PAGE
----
Instead of constantly following up and micro-managing, they need to be building trust with remote workers by demonstrating confidence in their ability to succeed. 

5 Ways to Create Accountability in the Workplace

1. Create an Optimal Workspace

Step one for setting your employees up for success is creating an optimal workspace. This could look a few ways: 

  • Providing a home office stipend to optimize their workspace
  • Offering coworking memberships to those who want to come into an office occasionally during the week
  • Using bookable meeting rooms to foster in-person connection between colleagues
  • Consider a flexible private office to boost collaboration

Start by talking to your employees and getting a clear idea of how they work best. Then try to find solutions that can accommodate this. 

Flexible workspaces are an excellent solution for small businesses and organizations. Hybrid offices are the future of work because they’re cost-effective, prioritize in-person communication, and take advantage of spatial diversity. 

When your employees have an optimal workspace, they’re empowered to do their best work. This helps start building trust with remote workers because they know you’re looking out for the best option. 

2. Set Expectations 

A document on a clipboard

Another foundational way to foster accountability is to have very clear expectations. When everyone is on the same page, you can hold each other to the same standard.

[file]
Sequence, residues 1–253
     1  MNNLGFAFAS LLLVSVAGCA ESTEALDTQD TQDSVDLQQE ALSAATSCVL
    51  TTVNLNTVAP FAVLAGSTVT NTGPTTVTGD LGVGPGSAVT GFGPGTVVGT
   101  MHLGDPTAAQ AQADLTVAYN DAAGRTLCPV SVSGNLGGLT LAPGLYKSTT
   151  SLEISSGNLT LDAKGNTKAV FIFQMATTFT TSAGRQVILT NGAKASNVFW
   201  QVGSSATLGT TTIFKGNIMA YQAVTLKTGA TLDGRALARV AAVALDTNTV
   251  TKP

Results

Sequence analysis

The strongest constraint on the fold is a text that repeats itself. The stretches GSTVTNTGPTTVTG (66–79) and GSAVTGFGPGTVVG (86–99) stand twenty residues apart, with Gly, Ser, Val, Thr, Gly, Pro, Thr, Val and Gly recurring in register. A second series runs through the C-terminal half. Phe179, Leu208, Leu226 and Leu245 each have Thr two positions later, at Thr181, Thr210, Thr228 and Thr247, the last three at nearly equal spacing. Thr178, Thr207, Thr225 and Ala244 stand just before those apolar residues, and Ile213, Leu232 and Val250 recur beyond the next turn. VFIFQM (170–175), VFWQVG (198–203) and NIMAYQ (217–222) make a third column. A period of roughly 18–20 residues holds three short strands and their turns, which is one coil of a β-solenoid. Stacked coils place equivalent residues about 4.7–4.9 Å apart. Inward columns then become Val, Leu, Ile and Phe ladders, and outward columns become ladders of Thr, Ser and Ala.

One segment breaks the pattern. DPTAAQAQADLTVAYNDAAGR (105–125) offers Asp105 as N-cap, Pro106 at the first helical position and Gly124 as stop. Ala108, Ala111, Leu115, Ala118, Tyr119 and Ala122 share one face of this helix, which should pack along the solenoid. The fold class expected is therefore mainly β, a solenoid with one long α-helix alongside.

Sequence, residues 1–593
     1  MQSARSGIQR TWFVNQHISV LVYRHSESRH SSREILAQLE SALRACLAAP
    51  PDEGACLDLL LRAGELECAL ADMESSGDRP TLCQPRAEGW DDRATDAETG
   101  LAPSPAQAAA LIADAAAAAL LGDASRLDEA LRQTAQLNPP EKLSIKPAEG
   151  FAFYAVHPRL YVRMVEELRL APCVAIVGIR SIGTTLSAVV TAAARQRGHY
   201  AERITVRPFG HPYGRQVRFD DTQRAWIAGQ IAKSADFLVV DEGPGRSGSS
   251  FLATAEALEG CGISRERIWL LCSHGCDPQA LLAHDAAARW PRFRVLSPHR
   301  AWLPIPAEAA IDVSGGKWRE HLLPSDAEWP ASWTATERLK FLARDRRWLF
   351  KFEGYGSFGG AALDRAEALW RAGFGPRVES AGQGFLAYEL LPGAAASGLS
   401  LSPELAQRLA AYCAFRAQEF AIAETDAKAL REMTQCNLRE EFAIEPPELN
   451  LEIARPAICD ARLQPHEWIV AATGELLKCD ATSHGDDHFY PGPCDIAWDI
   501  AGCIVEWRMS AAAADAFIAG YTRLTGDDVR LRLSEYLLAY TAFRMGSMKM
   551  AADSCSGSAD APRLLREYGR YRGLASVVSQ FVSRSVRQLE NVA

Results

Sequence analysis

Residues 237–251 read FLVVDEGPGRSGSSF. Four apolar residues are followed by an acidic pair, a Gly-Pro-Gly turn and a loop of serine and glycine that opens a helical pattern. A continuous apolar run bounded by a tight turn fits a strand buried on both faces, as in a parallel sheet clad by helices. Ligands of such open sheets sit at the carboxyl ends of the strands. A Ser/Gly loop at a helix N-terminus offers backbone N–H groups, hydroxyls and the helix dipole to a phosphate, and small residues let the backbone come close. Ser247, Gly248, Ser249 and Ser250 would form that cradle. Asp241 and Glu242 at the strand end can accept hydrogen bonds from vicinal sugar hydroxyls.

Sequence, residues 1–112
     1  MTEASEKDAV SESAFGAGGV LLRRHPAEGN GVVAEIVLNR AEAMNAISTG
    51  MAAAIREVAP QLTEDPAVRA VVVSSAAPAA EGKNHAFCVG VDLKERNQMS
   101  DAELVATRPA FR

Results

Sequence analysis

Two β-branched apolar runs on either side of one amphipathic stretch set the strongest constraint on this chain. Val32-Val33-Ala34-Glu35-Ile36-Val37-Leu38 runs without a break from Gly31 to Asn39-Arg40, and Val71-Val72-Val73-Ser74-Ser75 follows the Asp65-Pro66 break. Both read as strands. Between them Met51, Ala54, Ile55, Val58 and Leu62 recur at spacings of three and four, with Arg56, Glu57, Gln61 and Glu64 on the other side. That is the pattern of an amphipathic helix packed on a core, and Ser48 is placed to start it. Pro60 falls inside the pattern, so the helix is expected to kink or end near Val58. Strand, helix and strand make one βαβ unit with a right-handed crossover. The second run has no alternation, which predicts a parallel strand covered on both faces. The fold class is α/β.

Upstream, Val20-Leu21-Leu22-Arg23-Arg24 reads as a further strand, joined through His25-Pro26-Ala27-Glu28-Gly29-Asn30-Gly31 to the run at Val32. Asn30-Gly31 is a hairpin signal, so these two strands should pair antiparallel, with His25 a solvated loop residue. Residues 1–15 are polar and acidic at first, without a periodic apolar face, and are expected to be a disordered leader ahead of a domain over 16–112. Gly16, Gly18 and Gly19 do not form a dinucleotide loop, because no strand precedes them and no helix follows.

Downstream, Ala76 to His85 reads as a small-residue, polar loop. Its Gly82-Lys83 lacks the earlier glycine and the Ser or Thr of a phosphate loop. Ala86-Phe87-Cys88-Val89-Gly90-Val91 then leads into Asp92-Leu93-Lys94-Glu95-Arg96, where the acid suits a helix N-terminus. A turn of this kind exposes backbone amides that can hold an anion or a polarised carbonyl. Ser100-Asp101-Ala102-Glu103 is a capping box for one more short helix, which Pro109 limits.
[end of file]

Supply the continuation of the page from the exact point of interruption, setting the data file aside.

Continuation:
Clear expectations let managers and leaders “set it and forget it.” They communicate something, bring everyone on the into agreement and then practice building trust with remote workers by stepping back and letting it run. 

Here are some areas to focus on setting clear expectations and guidelines: 

  • Job descriptions: Even prospective employees should have a clear idea of what’s expected of them in the role. Job descriptions should include information about the remote work policy, reporting structures, and other relevant information. 
  • Role manuals: Once an employee starts their job, they should have a clear role manual that outlines organizational expectations and indicators of success in their role. 
  • Policies and procedures: The entire team should be on the same page about organizational policies and procedures. Spend time creating a clear outline with information about HR processes, remote work policy, reporting structures, communication guidelines, etc. 
  • KPIs: Key Process Indicators are objective measurements such as sales volume, revenue, new client acquisitions, or anything else that’s important to the success of your business. By defining these clearly for both an organization and employee, each person knows exactly what they’re working towards. 

Through clarity in these things, you foster accountability and start building trust with remote workers. 

3. Get the Right Tools, Technology, and Systems